(2003 'Backbeat Books') Paperback.
"We are left with this legacy — and left to wonder how much more this guitar genius might have accomplished."
JOHN SWENSON, ROLLING STONE
The 'roadhouse' is an American institution — the little bar on the edge of town that comes alive when the sun goes down, where the music drives the locals to their feet, and keeps them rocking till
they drop. No-nonsense, back-to-basic roots music, mixing blues, country, R&B, soul and down-and-dirty rock'n'roll.
Texas is the honorary home of roadhouse music, and the late Stevie Ray Vaughan its uncrowned king. He arrived in a blaze of guitar glory in the early 1980s, following hot on the trail of his Texas forebears — from electric guitar pioneers like Eddie Durham and Charlie Christian to blues legends like T-Bone Walker, Freddie King, Albert Collins, even his own big brother Jimmie — but by 1990 Stevie Ray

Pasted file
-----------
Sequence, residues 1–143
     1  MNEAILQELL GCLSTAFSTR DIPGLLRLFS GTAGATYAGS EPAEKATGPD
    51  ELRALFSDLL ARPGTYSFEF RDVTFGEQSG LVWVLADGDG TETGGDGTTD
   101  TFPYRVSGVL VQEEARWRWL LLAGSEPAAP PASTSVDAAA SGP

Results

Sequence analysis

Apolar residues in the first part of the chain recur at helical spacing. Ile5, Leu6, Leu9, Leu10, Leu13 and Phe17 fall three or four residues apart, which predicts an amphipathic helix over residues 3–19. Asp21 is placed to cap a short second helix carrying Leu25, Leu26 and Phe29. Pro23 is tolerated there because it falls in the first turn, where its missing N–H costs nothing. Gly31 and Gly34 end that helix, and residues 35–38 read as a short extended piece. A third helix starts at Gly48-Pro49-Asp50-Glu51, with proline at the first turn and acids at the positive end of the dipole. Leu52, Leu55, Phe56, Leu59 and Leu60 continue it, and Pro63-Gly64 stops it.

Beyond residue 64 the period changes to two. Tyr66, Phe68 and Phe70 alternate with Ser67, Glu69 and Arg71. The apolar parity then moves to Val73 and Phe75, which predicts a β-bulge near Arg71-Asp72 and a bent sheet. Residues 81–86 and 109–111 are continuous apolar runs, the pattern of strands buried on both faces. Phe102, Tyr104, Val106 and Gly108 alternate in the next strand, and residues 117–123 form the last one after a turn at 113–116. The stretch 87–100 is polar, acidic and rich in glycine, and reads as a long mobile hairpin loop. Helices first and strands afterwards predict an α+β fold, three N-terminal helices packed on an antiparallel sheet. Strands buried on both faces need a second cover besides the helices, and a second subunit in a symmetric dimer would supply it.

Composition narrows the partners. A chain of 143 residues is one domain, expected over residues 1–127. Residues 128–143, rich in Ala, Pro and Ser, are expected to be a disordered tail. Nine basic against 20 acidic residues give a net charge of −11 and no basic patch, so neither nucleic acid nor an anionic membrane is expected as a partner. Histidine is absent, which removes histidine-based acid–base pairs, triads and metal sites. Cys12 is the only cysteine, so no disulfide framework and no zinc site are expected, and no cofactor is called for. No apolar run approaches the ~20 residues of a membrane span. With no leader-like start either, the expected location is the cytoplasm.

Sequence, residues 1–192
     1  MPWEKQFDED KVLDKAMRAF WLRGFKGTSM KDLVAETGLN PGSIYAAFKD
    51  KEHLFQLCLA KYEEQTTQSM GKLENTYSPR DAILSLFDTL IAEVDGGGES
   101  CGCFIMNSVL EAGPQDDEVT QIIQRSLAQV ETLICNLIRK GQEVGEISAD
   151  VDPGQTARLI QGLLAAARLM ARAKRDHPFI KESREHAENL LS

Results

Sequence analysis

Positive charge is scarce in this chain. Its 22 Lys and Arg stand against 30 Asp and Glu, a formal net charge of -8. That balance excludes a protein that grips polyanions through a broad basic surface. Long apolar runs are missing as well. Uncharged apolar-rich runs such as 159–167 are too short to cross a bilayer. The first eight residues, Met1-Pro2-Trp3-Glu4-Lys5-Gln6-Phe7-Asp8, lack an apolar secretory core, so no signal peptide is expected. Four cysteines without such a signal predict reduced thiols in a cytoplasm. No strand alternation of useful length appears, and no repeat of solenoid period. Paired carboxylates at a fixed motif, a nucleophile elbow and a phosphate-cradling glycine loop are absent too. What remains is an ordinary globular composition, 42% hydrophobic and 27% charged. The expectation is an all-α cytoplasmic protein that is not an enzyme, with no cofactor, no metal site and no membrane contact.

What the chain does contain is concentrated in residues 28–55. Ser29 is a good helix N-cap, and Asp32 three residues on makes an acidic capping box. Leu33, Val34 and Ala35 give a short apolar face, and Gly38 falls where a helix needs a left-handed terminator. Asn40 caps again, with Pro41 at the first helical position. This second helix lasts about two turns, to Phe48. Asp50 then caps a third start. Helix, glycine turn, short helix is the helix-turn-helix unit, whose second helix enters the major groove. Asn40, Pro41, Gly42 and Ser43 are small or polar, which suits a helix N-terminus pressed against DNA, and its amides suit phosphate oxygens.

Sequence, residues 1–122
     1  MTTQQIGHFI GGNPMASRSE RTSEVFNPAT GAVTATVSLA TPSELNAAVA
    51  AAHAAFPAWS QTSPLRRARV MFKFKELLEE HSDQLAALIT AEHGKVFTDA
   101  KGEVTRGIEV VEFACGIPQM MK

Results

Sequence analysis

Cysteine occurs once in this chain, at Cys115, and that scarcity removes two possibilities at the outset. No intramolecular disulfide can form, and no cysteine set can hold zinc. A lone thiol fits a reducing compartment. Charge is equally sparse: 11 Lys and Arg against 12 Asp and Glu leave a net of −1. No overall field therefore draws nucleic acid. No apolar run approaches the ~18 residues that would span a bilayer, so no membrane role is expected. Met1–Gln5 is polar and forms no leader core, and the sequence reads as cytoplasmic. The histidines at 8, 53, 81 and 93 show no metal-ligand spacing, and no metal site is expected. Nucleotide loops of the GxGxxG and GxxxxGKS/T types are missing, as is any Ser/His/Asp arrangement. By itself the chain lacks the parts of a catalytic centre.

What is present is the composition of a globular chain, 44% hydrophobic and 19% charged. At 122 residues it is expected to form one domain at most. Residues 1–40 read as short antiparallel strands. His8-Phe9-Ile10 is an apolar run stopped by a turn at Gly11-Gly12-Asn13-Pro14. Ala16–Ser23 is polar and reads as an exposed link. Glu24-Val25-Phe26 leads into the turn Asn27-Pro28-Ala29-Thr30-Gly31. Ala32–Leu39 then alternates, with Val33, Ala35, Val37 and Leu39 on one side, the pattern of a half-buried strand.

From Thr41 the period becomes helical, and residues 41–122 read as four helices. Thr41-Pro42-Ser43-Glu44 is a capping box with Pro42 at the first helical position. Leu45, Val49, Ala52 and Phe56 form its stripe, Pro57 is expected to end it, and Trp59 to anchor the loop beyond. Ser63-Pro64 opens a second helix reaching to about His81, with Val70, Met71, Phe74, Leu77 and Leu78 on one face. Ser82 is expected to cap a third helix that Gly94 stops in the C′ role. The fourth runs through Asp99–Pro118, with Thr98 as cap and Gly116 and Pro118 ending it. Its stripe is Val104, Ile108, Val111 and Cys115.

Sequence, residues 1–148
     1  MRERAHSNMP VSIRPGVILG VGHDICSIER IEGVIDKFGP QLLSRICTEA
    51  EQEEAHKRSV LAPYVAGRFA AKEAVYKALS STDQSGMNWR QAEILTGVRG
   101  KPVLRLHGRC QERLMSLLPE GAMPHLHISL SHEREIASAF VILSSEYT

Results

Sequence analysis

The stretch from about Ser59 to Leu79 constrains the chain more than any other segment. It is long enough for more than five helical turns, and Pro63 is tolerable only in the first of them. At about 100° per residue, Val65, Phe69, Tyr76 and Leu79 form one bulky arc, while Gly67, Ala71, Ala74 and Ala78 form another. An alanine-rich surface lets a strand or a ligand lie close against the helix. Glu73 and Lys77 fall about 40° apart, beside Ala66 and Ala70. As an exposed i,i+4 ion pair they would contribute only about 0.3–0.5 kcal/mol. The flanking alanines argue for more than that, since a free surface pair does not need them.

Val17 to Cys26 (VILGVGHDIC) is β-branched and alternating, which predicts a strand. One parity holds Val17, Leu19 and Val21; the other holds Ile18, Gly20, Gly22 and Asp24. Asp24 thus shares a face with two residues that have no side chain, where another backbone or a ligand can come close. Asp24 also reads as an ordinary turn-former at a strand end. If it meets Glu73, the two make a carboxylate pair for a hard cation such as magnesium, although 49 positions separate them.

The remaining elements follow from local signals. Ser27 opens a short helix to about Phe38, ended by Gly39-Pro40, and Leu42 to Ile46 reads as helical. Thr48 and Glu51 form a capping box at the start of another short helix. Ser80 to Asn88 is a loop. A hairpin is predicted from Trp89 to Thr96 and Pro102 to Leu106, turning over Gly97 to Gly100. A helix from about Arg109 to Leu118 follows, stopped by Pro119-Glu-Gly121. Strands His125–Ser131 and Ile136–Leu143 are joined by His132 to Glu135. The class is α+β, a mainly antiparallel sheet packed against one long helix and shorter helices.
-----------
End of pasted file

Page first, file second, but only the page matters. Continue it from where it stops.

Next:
was gone, snatched away in a freak accident, leaving friends, fellow players and countless fans to ponder what he might have done next.
More than just a biography and musical exploration of Stevie Ray Vaughan, Roadhouse Blues tells the stories of the great Texan musicians that came before him and influenced him so deeply. It puts in context Stevie Ray's rise to fame —including the part played in his life by his family, his friends, his heroes, like Jimi Hendrix, and his addiction to drink and drugs — as well as the lasting impact that his brief but turbulent life and work had on his contemporaries, and on later generations of blues fans and guitar players.